Radiographs may show weakened bones; the bones show more faintly than healthy solid bone material. They are useful in determining the degree to which bone loss has occurred, and are helpful in assessing the efficacy of treatment.
Metabolic Bone Diseases
Rather than being caused strictly by a deficiency in calcium or excess of phosphorus, true osteoporosis may be related to protein deficiency (both dietary and due to prolonged anorexia),or through disuse of bones. This may be as a result of being confined in too-small spaces, or enforced inactivity such as that experienced when fractures have been immobilized, or as a result of long-term paralysis.
Bones become brittle, light, and easily broken.
Calcium deficiencies may be caused by kidney, intestinal and liver diseases as well as by dietary deficiencies. Diseases which affect the way in which nutrients are extracted from food and metabolized may ultimately affect how calcium is processed in the body.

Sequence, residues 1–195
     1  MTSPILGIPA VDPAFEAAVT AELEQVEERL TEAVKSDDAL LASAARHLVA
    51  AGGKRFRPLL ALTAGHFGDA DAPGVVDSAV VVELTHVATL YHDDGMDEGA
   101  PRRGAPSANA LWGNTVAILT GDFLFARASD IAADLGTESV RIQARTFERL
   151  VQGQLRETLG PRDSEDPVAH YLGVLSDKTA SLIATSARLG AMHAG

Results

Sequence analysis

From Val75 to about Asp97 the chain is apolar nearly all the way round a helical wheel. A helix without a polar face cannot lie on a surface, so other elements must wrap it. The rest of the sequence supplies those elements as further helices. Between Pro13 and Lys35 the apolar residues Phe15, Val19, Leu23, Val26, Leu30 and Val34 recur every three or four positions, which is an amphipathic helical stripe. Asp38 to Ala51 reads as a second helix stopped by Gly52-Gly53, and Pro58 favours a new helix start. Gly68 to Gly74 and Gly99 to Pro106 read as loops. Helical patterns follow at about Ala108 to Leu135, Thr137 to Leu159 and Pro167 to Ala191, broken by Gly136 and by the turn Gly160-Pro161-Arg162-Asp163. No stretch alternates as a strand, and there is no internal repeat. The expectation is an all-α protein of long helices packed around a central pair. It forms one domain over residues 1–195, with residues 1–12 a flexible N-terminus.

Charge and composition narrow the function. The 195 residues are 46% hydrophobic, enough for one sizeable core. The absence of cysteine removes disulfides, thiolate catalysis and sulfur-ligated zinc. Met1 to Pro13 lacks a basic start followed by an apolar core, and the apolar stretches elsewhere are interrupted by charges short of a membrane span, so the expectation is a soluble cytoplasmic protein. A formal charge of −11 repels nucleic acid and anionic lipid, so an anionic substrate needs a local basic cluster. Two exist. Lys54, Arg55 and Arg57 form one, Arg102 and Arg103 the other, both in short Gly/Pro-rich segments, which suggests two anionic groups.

Rugwort, ~3 years of age, permanently stunted and deformed from the long term severe MBD he had when he was finally obtained from his prior owners. The foreshortened skull and swollen lower jaw are typical of fibrous osteodystrophy.
The swelling of the jaw is sometimes mistaken for an abscess. Abscesses, however, are rarely bilateral, and quick a discussion of diet and environment are often all that is needed to confirm a diagnosis of fibrous osteodystrophy.
As the bones weaken, the body tries to compensate, and a network of soft connective tissue forms, stretching across the weakened areas. This results in hard lumps. Most noticeable in the long bones of the legs, they can also be felt in the tail. Many owners mistakenly think their lizard is healthy and strong based on the appearance of the legs. In fact, the lizard is highly susceptible to broken bones, and such breaks may go unnoticed due to the overlying swelling.